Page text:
At this point, she said she was a bit “freaked out and I just wanted to get back to my hotel.”
Scott said most of the runners stopped at mile 22 were bussed to the Boston Commons – not quite a mile from the Copley Square finish line, where the bombings occurred.
In addition to Stagner, Scott’s entourage included 18 friends and family, mostly from Weatherford, Brock, Mineral Wells and Arlington.
They watched her run and cheered her on at the 17-mile and 21-mile mark along the historic marathon route. But none of Scott’s crew were at the finish line.
“I was kind of thankful I wasn’t a faster runner,” Scott said. “My mother would have been up there and we would have all been at the finish line. It’s weird how things work. I was just thankful.”
Stagner left Boston Logan Airport sometime after 8:30 p.m. Monday on a flight scheduled to leave at 6:40 p.m.
“Watching the news now, about three-fourths of what I heard [Monday] is not true,” he said. “It’s real tragic about that little boy.”
Scott left Boston Logan International Airport Tuesday, around 1:30 p.m. eastern time. She called the atmosphere at the airport “pretty normal.” But she added that the Boston Police Department staffed the airport with investigators “asking runners questions if they knew anything.”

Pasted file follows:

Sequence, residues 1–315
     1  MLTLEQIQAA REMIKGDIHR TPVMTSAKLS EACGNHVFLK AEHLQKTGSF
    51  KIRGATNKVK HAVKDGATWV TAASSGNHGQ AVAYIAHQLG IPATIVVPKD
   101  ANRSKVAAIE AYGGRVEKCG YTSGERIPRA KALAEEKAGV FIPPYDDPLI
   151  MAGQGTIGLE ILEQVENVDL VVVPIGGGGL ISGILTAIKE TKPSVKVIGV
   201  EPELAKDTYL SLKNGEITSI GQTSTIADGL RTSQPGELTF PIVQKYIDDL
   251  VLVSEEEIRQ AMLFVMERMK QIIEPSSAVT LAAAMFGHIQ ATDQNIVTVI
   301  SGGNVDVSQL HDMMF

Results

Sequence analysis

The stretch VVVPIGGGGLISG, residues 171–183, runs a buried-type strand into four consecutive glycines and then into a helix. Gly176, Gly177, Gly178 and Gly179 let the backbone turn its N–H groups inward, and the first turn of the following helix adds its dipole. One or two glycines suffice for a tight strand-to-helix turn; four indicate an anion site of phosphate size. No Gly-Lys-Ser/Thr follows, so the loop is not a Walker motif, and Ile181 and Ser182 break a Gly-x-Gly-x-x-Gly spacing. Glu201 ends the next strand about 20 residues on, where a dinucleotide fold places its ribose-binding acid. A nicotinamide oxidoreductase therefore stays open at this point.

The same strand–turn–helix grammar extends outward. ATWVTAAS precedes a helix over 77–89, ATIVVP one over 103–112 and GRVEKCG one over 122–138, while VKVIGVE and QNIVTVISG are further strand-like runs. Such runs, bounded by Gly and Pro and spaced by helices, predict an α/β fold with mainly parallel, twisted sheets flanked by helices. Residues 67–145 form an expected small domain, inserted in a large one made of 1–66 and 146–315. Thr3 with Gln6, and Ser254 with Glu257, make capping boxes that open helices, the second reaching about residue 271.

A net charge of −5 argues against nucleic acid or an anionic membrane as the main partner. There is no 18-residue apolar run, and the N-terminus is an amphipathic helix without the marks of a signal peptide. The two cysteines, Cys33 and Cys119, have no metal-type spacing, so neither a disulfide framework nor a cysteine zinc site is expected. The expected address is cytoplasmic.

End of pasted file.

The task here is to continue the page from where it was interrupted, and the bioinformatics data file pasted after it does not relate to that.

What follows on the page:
A federal official called the bombs a “potential terrorism investigation,” which appeared to be the work of more than one person.
FBI agents swarmed a high-rise apartment in the Boston suburb of Revere Monday night, leaving with three large bags full of undisclosed material. Local officials described the apartment as the residence of a “person of interest,” but no arrests were reported.
A 15-block area surrounding the scene of the bombings in the heart of downtown Boston was sealed with police tape, access restricted to residents who live there and hotel patrons. Bomb-sniffing dogs patrolled streets, alleyways and subway stations.